This is one of the most common questions after a Philadelphia car accident that results in injuries, whether you’re an innocent driver, passenger or pedestrian or you’re the at-fault party. The answer is that for the vast majority of Philadelphia residents who’re injured in a car accident, their OWN car insurance policy will pay for the first $5,000 of medical bills. $5,000 is the minimum amount required by Pennsylvania law, under a special type of coverage known as PIP (Personal Injury Protection). Many PA residents purchase more PIP coverage on their policies.
Under Pennsylvania car insurance law, the PA Motor Vehicle Financial Responsibility Law, every car insurance policy issued in this state must provide PIP benefits to the insured and members of their household (spouse and children/dependents). The PIP coverage amount (minimum of $5,000) applies per person, per accident. It also applies to any type of auto accident including car versus car/truck, car versus pedestrian or car versus bicycle.
PIP coverage is required to be available without regard to fault. If you’re injured, you make a PIP claim for medical bills under your OWN insurance policy. This tends to be counter-intuitive for people who are injured in accidents caused by another driver. Why shouldn’t the at-fault driver pay for the medical bills that resulted from their own negligence? It’s a common question and it certainly feels fair for the at-fault driver to have to pay for medical expenses incurred by innocent victims.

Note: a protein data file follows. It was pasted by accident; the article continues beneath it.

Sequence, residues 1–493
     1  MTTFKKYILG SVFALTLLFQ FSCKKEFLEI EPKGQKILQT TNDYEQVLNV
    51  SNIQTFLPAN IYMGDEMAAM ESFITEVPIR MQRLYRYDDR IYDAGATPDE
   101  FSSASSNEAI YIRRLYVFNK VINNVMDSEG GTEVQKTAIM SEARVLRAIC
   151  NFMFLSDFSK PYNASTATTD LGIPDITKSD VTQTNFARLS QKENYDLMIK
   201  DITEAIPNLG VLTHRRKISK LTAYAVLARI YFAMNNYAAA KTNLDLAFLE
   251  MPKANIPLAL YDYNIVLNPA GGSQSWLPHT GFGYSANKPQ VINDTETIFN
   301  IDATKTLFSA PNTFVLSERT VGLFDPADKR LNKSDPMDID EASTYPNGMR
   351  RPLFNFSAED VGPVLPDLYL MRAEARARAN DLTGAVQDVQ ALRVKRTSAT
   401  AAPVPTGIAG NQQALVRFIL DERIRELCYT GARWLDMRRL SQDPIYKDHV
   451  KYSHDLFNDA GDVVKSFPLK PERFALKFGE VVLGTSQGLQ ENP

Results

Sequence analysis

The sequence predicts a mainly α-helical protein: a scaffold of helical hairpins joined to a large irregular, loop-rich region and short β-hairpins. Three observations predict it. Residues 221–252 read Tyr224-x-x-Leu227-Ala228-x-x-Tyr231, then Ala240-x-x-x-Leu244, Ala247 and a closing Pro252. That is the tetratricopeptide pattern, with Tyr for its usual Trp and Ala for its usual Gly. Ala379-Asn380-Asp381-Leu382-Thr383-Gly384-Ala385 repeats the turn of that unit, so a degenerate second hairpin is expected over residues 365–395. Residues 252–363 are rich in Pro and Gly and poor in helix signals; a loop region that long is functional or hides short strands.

However, PIP law in Pennsylvania doesn’t take sense of fairness into account. PA is a no-fault state with respect to the payment of medical bills (and lost wages, if applicable) under PIP coverage. The at-fault driver doesn’t pay directly for the PIP benefits paid out to the innocent victims.
Instead, the victims retain the ability to sue the at-fault driver for the injuries and damages in court. One of those damages is the financial damages caused by the accident. An auto accident victim can file a legal claim to recover medical bills, lost wages and out of pocket/miscellaneous expenses that were incurred after PIP coverage exhausted.
It’s important to note that there are limitations to an injured Philadelphia resident’s ability to seek pain and suffering damages, depending on the situation. See discussion of limited tort law in PA and how it affects an injured victim’s ability to get financially compensated after a car accident.
Making PIP claims after a car accident in Philadelphia requires notification to your insurance company and a PIP claim form. Failure to notify your insurance company and provide the necessary forms may result in delay or denial of the PIP claim. Read more about PIP claims after a car accident in Philadelphia.
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